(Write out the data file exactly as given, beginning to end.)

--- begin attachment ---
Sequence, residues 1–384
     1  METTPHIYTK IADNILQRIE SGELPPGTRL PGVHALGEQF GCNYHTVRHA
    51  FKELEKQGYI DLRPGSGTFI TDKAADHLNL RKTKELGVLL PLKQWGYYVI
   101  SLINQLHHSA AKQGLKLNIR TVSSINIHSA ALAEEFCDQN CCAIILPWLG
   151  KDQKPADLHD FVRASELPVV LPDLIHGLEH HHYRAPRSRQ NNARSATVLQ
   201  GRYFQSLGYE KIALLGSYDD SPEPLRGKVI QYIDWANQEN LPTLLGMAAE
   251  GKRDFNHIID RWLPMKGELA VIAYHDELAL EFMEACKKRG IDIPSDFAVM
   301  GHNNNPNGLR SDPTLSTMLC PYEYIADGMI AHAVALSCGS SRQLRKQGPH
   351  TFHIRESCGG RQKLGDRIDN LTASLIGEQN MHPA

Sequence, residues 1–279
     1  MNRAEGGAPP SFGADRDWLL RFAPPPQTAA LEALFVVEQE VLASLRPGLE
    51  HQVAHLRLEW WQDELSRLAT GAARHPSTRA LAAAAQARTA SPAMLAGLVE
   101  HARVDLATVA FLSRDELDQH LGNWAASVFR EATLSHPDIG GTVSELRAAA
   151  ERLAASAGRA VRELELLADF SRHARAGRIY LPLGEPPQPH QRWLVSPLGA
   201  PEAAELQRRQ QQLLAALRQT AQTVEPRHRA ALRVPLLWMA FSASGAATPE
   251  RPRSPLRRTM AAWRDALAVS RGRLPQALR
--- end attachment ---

Sequence, residues 1–384
     1  METTPHIYTK IADNILQRIE SGELPPGTRL PGVHALGEQF GCNYHTVRHA
    51  FKELEKQGYI DLRPGSGTFI TDKAADHLNL RKTKELGVLL PLKQWGYYVI
   101  SLINQLHHSA AKQGLKLNIR TVSSINIHSA ALAEEFCDQN CCAIILPWLG
   151  KDQKPADLHD FVRASELPVV LPDLIHGLEH HHYRAPRSRQ NNARSATVLQ
   201  GRYFQSLGYE KIALLGSYDD SPEPLRGKVI QYIDWANQEN LPTLLGMAAE
   251  GKRDFNHIID RWLPMKGELA VIAYHDELAL EFMEACKKRG IDIPSDFAVM
   301  GHNNNPNGLR SDPTLSTMLC PYEYIADGMI AHAVALSCGS SRQLRKQGPH
   351  TFHIRESCGG RQKLGDRIDN LTASLIGEQN MHPA

Sequence, residues 1–279
     1  MNRAEGGAPP SFGADRDWLL RFAPPPQTAA LEALFVVEQE VLASLRPGLE
    51  HQVAHLRLEW WQDELSRLAT GAARHPSTRA LAAAAQARTA SPAMLAGLVE
   101  HARVDLATVA FLSRDELDQH LGNWAASVFR EATLSHPDIG GTVSELRAAA
   151  ERLAASAGRA VRELELLADF SRHARAGRIY LPLGEPPQPH QRWLVSPLGA
   201  PEAAELQRRQ QQLLAALRQT AQTVEPRHRA ALRVPLLWMA FSASGAATPE
   251  RPRSPLRRTM AAWRDALAVS RGRLPQALR